Duda throws Poland’s EU cash plans into turmoil

Duda throws Poland’s EU cash plans into turmoil
Опубликовано: Sunday, 12 February 2023 06:35

The Polish president kicks a crucial bill aimed at unlocking EU recovery funds to a top court.

Poland’s hopes of getting billions in EU recovery funds were derailed when President Andrzej Duda sent a crucial bill that rolls back judicial reforms to a top court for adjudication.

The bill is a key part of the “milestones” agreed between Warsaw and Brussels, without which the European Commission will not release €36 billion in grants and loans from its pandemic recovery fund — held up over worries that Poland is backsliding on the bloc’s rule-of-law principles.

But Duda on Friday evening said he would not sign the legislation, and instead sent it to the Constitutional Tribunal, a body that decides whether laws agree with the Polish constitution.

In a national address, Duda said he decided to “refer this law to the Constitutional Tribunal under preventive control. That is, the law will not be in effect until the tribunal has ruled on its constitutionality.”

That’s a huge blow to the nationalist government, which is desperate to get the EU cash ahead of a parliamentary election this fall when the ruling Law and Justice (PiS) party will try for a third term in office.

Duda is closely allied with PiS, but he’s in his second term as president and can’t run for a third, which gives him more independence from the party. This is one of the first signs of rebellion from Duda, who has usually been fairly quiescent.

Although Duda’s office helped prepare the initial draft of the bill last year, he has been unhappy with its final form, made following consultations between Brussels and Warsaw, as he feels it undermines judges he’s nominated.

“The government has reached a new agreement, and it is good that this has happened, but this agreement raises serious constitutional controversies,” he said.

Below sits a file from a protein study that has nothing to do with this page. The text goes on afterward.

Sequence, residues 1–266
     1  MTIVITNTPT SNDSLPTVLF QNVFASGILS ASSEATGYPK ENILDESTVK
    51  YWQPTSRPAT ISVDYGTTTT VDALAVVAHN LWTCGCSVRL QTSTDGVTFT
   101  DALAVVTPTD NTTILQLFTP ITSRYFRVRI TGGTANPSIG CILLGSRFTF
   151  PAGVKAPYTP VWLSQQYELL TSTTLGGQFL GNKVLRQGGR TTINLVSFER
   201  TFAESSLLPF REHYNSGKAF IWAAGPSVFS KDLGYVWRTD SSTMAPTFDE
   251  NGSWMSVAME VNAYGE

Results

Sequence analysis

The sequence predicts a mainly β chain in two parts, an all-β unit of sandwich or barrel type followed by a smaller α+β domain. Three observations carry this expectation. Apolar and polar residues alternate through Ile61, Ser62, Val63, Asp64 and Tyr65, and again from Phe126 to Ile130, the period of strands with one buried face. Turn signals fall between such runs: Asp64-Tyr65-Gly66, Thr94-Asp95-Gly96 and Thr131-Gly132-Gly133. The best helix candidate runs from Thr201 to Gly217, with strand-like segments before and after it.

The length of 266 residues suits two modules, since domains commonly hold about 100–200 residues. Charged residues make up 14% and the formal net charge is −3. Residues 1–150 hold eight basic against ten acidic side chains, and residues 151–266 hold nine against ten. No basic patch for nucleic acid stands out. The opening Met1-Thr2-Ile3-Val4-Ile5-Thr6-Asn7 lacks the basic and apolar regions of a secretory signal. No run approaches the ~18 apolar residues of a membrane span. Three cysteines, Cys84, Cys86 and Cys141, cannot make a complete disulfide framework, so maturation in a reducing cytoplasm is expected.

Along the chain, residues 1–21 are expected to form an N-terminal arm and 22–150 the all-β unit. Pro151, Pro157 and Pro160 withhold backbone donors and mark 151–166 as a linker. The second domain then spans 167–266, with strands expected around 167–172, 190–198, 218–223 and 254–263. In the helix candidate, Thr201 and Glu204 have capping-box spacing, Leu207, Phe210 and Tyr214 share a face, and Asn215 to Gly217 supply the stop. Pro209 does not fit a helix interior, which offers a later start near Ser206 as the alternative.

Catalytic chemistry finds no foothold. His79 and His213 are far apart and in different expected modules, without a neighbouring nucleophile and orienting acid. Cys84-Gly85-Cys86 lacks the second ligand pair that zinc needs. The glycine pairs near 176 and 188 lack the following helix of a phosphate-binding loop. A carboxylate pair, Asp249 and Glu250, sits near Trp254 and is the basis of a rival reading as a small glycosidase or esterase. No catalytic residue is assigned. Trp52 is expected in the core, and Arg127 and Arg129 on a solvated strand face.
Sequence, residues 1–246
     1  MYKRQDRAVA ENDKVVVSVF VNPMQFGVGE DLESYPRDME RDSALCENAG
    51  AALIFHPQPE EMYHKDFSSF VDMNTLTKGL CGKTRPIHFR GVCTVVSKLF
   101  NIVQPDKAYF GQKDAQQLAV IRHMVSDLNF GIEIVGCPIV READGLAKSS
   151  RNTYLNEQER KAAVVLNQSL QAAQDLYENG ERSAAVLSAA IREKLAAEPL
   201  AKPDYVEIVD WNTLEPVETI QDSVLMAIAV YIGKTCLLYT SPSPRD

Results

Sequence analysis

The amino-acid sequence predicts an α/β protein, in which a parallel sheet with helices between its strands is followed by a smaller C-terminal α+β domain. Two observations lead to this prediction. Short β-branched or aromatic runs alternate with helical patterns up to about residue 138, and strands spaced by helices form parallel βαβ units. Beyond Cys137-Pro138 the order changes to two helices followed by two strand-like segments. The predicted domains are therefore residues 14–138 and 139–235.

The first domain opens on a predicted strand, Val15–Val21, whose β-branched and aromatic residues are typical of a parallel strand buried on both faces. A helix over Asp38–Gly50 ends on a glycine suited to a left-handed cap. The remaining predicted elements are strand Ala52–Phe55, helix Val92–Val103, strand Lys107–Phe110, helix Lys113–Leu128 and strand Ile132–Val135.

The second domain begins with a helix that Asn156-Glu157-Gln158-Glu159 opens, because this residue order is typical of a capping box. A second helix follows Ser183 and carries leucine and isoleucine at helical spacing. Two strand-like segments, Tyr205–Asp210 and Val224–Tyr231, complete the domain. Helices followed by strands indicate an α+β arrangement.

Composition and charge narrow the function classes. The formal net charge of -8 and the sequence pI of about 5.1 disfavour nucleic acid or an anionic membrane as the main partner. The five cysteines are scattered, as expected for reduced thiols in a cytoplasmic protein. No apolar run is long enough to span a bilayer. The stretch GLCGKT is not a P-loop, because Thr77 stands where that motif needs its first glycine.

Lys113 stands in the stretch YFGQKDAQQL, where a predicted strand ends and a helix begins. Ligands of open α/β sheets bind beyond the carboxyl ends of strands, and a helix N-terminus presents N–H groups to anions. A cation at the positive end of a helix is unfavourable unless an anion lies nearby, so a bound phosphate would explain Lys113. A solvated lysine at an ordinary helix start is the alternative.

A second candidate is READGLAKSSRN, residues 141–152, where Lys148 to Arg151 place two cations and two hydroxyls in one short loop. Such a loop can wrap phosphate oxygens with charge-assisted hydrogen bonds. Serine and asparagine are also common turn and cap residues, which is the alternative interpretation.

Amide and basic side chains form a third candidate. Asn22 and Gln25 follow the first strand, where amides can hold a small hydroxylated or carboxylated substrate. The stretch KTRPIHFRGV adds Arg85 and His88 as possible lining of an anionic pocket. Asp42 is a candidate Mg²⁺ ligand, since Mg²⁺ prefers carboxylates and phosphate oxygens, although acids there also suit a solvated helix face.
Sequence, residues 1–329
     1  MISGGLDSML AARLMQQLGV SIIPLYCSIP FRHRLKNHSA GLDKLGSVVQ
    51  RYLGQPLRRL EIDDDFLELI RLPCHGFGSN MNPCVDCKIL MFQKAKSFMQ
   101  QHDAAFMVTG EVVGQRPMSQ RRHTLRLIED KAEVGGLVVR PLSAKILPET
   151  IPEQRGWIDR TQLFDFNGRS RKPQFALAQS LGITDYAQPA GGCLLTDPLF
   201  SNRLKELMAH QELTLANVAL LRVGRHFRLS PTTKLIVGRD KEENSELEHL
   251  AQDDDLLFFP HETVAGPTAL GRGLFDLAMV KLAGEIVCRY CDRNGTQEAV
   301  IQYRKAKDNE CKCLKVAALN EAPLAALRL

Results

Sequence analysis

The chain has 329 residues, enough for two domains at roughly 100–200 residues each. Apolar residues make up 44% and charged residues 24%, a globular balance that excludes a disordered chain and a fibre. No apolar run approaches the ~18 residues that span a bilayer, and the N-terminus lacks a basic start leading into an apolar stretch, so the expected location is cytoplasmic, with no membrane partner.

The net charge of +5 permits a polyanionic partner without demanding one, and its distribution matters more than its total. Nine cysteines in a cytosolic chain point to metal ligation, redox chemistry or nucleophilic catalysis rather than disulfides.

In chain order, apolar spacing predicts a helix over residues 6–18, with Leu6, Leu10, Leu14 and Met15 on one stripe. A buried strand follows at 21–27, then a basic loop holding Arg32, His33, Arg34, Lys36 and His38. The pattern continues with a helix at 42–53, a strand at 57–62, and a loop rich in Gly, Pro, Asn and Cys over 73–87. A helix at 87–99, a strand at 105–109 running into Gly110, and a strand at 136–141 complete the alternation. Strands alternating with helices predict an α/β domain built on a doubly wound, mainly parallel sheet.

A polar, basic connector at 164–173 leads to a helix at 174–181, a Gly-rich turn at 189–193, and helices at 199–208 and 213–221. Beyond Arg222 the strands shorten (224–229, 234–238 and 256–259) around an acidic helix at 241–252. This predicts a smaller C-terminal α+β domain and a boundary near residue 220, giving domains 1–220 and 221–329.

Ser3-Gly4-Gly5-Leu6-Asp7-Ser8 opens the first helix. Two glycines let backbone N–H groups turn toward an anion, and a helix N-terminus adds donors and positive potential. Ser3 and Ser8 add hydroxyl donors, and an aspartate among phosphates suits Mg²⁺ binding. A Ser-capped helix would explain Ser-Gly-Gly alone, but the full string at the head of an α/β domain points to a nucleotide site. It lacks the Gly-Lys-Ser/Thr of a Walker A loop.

There was little initial reaction from the government except for a dry comment from spokesperson Piotr Müller, who tweeted, “[W]e will wait for the [tribunal’s] decision.”

The tribunal is widely seen as being under the influence of PiS, with several judges appointed in violation of the constitution — one of the many sources of conflict between the government and the European Commission. Although Duda insisted the tribunal could swiftly issue a verdict, the 16-member court is also in disarray, with several judges in rebellion against its president — which will make any decision difficult.

The Commission is unlikely to decide on releasing any funds until the judicial reform bill is law; Brussels sees it as key in restoring some independence to the Polish judicial system, which has been deeply reformed by PiS since the party came to power in 2015.

The legislation shifts judicial disciplinary matters from the Disciplinary Chamber of the Supreme Court, seen as being under the government’s influence, to the Supreme Administrative Court, another top court, but one that is viewed as being more independent.

Poland was hit with a record-high daily fine of €1 million starting in October 2021 for not complying with an EU court order to suspend the controversial disciplinary mechanism.

The draft law would also end sanctions against judges who raise questions about the status of fellow judges; many new judges have dubious legal status thanks to the government’s reforms changing how they are appointed.

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